In my bedroom, for example, I chose three floral designs with softer hues that are brought out by the Wythe Blue of the wall, while the frames are dark lumber, matching the colour of the headboard and lampshades.

    The floral images are of the same color family as the wall and quilt, while the frames match the timber of the headboard.

  2. REMEMBER the Frame

    If you opt to hang a graphic, the shape should complement both the d?cor of the room and the color and style of the part itself. You can also need to choose if you wish matting or not - while matting can boost the wall size of an inferior piece, be skeptical of allowing a print to drown in its boundary. Generally speaking, smaller portions with very large matting only be successful if the image is very simple and obvious from afar. If someone must peer up close at a bit to appreciate it, comprehensive matting is a no-no.

    As for the frame material, there are many choices. A wood body with a carved design can have a good shabby-chic feel, especially if it's been coated. For a straight vintage look, plain dark wood frames work great. If you want a modernist or contemporary vibe, material or black structures are the strategy to use.

    Also, if you want exciting d?cor, don't be frightened to go with a bright-colored body, particularly if the area needs a pop and your color choice complements another highlight in the area.


    If you're choosing a printing, framing can be costly. Lower costs by only using prints that easily fit into standard-sized frames, which are considerably cheaper than custom structures. You can even look for vintage frames at storage and estate sales and then work backward, filling in the photo after you have the frame.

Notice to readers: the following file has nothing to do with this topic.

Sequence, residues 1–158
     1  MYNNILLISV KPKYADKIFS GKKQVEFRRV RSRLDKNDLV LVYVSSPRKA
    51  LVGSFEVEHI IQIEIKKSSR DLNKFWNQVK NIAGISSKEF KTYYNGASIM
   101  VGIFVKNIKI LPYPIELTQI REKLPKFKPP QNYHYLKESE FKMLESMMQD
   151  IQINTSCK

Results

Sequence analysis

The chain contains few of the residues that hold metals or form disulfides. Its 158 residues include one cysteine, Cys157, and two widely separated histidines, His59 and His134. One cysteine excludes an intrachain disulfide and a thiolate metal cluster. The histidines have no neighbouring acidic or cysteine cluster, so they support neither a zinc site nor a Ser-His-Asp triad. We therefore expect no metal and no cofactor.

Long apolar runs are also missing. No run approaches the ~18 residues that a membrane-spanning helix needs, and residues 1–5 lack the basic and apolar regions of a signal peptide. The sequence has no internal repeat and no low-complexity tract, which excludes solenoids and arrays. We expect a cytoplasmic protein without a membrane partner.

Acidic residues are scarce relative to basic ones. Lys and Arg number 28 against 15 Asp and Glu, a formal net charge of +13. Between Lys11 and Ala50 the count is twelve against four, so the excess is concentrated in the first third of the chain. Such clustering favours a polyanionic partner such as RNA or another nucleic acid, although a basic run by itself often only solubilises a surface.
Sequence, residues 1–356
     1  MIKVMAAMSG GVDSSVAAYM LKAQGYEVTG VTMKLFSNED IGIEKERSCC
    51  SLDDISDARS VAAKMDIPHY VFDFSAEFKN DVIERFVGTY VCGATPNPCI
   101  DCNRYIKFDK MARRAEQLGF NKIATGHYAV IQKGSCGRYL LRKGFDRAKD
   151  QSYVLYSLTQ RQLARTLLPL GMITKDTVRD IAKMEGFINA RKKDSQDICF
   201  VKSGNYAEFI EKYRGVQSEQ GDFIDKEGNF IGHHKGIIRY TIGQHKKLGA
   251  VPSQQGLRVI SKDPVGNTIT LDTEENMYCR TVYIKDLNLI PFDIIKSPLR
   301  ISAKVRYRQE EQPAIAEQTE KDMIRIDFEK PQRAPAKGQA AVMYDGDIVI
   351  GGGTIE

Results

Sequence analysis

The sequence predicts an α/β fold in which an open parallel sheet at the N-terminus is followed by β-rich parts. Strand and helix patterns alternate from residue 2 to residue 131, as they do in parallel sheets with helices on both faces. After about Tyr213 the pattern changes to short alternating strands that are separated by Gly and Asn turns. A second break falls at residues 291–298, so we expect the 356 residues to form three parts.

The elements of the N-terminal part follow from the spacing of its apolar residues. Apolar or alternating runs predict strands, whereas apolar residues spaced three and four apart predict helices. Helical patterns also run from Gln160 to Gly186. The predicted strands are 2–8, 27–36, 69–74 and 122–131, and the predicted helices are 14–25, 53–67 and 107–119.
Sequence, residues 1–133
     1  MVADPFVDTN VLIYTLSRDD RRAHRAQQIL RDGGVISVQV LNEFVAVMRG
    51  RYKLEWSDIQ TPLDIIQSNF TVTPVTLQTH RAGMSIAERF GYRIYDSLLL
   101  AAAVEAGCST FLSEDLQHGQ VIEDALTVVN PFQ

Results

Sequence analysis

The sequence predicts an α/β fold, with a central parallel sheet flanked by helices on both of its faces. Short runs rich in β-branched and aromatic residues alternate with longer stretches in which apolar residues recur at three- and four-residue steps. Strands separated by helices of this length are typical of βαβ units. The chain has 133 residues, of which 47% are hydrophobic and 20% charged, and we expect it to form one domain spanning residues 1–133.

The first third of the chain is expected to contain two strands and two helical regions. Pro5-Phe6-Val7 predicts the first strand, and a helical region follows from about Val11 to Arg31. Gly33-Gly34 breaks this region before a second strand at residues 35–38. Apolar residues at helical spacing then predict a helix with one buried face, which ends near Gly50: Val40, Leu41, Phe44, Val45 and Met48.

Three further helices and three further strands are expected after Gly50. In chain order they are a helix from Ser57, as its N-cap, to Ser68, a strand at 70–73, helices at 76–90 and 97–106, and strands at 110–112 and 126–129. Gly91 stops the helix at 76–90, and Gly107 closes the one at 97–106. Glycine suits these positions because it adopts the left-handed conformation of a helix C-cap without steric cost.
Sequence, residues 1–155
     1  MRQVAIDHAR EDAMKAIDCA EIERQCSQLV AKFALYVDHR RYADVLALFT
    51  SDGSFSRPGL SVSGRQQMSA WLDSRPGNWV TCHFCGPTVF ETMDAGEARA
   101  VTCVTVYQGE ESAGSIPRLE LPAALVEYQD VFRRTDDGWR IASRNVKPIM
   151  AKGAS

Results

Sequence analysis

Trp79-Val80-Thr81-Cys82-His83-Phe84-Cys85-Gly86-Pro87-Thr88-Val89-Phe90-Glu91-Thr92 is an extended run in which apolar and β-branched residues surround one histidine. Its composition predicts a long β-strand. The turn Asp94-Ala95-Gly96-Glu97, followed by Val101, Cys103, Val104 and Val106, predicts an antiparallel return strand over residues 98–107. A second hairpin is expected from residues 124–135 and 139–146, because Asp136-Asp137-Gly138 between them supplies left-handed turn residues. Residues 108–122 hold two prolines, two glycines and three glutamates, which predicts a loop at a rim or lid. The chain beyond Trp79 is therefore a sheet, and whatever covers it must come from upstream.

Or, one of the advantages of a wall-mounted shelf or other unorthodox decor is the lack of framework - that can frequently be a big cost benefits. There tend to be creative workarounds. The company Wellmade offers Gallery STiiCKs that can structure any poster on two factors for a fraction of what traditional framing costs - that's what I decided to go with for my three prints above the bed.

    There's also companies that print out photographs onto canvas or real wood - and that don't need a frame at all. If you're a shutterbug and also have some great pics you'd like to hang, this may be your chance. Shutterfly offers this service, for example, and you will often find half-off offers.

    For my dining area (pictured above), which also offers high ceilings and blends right into the living room, I had two images made and opt for custom size for every that fit the wall-space wonderfully. Because I'm a deal-hunter, the put together pair cost a lower amount than $100 - about the price of getting one large-ish poster custom framed.

    Deciding on the best art for a big space isn't easy - but it could be done invest the the time to really plan out what you need. Think through the size, type, coloring, framing and cost of what you would like. And get enthusiasm from the internet and beyond - sites like Houzz can give you great ideas, as can home d?cor publications, or even just shopping at home goods stores and discovering how they have their showrooms set up.

The key is visualizing what you need before you own it and then patiently working toward finding the right artwork at the right cost for your space. Don't dash things - Rome wasn't built in a day, and your home will not be decorated per day. But when your property is fully decorated, it will look fabulous!

Leave a Comment